When developing your digital marketing strategy be aware of traps. These traps can result in a strategy that won’t deliver the results you’re seeking. Development of your strategy must start with clearly defined goals. We like to recommend crafting your goals using the S.M.A.R.T. approach. Specific: target a specific area for improvement. Example: improve website conversion rate. Measurable: quantify what success looks like. Example: improving website visitor to lead conversion by 10%. Assignable: it is clear who will be responsible. Example: Ann in Marketing owns conversion improvement. Realistic: given available resources, define what can be achieved. Example: Achieving target conversion rates on an average value of $100 per conversion, will result in 500 conversions equaling $5,000 in value. Time-based: establish a target for when the results can be achieved. Example: the conversion optimization effort will last 3 months.
The All-Things-to-Everyone Strategy
Failing to make choices and making everything a priority. It cannot be done. Strategy is a series of choices which are sometimes hard to make. To create the greatest amount of value and sustain it, some markets will be served very well and others will not. For the markets you choose to pursue, go at them with everything you can. By trying to be serve too many needs the Chevy El Camino was neither a good car nor truck. Although its production life was long, market penetration was very low.
The Don Quixote Strategy
Taking on the strongest competitor first, head-to-head. Look for opportunities where you have a chance to win. Perhaps a large competitor isn’t doing well in organic search on terms you know send qualified traffic. Choose to play where the likelihood of a win is greatest. There are many 3rd party tools that can help you assess how strong competition is in one area or another. Consider operating below the radar of the largest competitors until you’ve amassed the resources necessary to take them head on.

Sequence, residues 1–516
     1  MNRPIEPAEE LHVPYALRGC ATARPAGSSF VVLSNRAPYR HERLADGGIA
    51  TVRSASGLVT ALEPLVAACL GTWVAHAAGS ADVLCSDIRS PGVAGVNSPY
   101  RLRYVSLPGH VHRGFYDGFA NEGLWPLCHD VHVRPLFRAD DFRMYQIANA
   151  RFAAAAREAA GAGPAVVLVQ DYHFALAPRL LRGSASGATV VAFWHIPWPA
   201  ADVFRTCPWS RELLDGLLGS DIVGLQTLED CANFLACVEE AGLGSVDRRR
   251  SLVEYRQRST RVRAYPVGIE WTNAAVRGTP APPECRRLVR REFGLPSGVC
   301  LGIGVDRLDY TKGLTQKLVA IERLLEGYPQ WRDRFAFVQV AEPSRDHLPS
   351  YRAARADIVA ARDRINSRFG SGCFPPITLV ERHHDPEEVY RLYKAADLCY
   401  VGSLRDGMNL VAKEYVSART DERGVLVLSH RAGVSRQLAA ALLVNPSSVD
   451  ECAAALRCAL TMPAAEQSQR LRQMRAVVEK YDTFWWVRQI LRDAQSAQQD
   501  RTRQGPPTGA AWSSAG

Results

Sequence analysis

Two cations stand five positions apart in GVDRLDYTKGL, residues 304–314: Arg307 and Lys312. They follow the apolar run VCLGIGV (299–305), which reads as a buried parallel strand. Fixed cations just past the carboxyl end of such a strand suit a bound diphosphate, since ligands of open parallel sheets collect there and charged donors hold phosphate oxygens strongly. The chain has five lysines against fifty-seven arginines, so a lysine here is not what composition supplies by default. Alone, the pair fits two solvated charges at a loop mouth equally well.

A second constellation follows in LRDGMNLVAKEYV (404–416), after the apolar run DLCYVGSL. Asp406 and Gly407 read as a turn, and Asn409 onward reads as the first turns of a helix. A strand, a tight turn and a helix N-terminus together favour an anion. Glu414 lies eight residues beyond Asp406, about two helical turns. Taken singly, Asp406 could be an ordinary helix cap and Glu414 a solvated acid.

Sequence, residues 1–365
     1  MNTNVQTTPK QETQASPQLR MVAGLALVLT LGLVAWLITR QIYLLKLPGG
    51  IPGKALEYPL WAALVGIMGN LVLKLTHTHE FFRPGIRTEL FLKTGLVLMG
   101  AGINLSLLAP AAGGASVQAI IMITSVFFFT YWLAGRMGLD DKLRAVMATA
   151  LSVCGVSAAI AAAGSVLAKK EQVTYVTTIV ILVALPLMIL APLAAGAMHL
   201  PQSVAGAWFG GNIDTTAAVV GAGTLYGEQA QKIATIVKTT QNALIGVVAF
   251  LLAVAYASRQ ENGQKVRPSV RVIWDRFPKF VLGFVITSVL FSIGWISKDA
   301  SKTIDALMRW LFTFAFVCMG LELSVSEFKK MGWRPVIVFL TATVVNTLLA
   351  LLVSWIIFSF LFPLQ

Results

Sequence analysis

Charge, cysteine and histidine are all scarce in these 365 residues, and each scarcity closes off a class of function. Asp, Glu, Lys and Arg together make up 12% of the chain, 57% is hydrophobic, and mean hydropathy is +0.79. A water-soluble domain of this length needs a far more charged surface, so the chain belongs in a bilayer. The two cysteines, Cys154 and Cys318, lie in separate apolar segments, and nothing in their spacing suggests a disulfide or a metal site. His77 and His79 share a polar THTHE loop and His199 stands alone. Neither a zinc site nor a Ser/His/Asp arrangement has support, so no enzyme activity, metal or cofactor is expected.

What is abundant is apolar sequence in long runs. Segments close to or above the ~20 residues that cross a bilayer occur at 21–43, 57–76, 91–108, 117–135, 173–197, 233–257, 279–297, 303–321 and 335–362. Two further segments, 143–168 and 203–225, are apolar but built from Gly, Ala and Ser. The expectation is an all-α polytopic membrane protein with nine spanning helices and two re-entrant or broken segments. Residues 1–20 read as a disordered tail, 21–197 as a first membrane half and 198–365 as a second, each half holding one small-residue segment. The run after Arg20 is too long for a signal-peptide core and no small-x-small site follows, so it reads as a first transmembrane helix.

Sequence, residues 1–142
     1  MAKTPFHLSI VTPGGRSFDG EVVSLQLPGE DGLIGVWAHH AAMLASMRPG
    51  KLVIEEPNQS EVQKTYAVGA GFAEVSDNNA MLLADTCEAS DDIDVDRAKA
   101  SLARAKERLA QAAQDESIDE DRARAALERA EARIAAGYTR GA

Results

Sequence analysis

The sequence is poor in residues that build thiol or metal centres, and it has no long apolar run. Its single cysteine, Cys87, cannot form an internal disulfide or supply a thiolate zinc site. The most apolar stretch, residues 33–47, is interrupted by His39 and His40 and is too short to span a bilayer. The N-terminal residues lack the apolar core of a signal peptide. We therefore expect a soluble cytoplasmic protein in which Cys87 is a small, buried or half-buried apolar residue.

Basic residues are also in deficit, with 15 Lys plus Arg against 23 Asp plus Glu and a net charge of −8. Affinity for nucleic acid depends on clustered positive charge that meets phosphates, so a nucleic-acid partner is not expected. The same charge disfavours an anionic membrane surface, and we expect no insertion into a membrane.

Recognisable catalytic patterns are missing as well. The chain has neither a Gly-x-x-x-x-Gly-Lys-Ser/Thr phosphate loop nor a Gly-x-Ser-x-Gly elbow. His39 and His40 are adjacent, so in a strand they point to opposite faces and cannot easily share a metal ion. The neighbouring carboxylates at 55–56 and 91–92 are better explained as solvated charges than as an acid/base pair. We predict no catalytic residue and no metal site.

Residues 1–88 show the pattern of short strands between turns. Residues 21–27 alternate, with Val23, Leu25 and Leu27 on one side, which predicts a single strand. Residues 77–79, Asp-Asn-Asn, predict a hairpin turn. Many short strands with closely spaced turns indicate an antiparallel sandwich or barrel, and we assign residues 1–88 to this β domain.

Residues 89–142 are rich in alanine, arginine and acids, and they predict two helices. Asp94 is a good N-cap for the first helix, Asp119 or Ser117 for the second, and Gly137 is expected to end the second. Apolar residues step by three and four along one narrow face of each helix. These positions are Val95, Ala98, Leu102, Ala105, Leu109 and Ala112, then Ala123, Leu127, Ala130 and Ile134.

The Waterloo Strategy
Starting efforts on multiple fronts with multiple competitors at the same time. The likelihood of executing well on all fronts is very low. If you’re at all able to execute, the efforts will likely be very weak and expose you to others. Again you need to choose your battles. If you don’t have sufficient resources for a digital display program, consider content and participating in relevant social communities which will be much more targeted.
Pursuing aspirational and mission statement objectives that do not get translated into game plans. Before embarking on your strategy you need to know what success will look like. Then define where-to-play, how-to-win, needed core capabilities and management systems. A great strategy requires answering all 5 questions to develop the strategic playbook. All the passion a team can muster isn’t going to experience success from an incomplete plan.
The intent behind developing a strategy is to stand out from the competition. Following in their footsteps only positions you as another uninspired choice. When that happens to a market the result is commoditization and purchase decisions are based on price not value. The strategy you choose to follow needs to highlight the uniqueness of your offer to the intended audience. If you’ve not gone through the exercise of developing your strategy as we discussed in the previous post (link to previous post), it will take some time. Do a couple of test runs and then open it up to your team and/or advisors. Do keep in mind that no strategy last forever. If you find success you’ll attract imitators. Related Posts: Digital Marketing Strategy: Developing a Winning Plan